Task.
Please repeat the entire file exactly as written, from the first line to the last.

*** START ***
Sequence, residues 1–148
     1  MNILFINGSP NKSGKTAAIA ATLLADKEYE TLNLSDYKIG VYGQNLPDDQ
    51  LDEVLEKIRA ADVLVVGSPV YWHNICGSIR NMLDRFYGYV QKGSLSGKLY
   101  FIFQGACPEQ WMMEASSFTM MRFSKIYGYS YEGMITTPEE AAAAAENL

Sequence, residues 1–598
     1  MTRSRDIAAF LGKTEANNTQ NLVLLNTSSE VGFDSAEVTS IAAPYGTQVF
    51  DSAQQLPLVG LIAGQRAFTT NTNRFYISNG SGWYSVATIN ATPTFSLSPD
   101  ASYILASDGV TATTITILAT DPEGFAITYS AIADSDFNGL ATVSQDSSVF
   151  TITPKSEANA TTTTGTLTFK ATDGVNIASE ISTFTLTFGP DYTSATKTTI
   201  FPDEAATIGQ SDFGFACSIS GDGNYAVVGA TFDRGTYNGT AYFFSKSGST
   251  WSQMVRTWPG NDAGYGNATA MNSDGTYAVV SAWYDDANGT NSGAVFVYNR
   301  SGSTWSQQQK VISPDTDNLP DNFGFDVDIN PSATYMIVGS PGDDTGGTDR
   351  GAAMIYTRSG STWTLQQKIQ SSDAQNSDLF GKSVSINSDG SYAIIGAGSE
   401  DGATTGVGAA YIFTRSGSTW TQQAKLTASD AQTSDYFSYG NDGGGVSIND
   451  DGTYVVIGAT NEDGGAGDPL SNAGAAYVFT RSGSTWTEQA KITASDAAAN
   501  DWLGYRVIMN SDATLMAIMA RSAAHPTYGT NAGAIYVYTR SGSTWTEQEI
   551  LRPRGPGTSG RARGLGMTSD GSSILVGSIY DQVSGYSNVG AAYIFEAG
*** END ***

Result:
Sequence, residues 1–148
     1  MNILFINGSP NKSGKTAAIA ATLLADKEYE TLNLSDYKIG VYGQNLPDDQ
    51  LDEVLEKIRA ADVLVVGSPV YWHNICGSIR NMLDRFYGYV QKGSLSGKLY
   101  FIFQGACPEQ WMMEASSFTM MRFSKIYGYS YEGMITTPEE AAAAAENL

Sequence, residues 1–598
     1  MTRSRDIAAF LGKTEANNTQ NLVLLNTSSE VGFDSAEVTS IAAPYGTQVF
    51  DSAQQLPLVG LIAGQRAFTT NTNRFYISNG SGWYSVATIN ATPTFSLSPD
   101  ASYILASDGV TATTITILAT DPEGFAITYS AIADSDFNGL ATVSQDSSVF
   151  TITPKSEANA TTTTGTLTFK ATDGVNIASE ISTFTLTFGP DYTSATKTTI
   201  FPDEAATIGQ SDFGFACSIS GDGNYAVVGA TFDRGTYNGT AYFFSKSGST
   251  WSQMVRTWPG NDAGYGNATA MNSDGTYAVV SAWYDDANGT NSGAVFVYNR
   301  SGSTWSQQQK VISPDTDNLP DNFGFDVDIN PSATYMIVGS PGDDTGGTDR
   351  GAAMIYTRSG STWTLQQKIQ SSDAQNSDLF GKSVSINSDG SYAIIGAGSE
   401  DGATTGVGAA YIFTRSGSTW TQQAKLTASD AQTSDYFSYG NDGGGVSIND
   451  DGTYVVIGAT NEDGGAGDPL SNAGAAYVFT RSGSTWTEQA KITASDAAAN
   501  DWLGYRVIMN SDATLMAIMA RSAAHPTYGT NAGAIYVYTR SGSTWTEQEI
   551  LRPRGPGTSG RARGLGMTSD GSSILVGSIY DQVSGYSNVG AAYIFEAG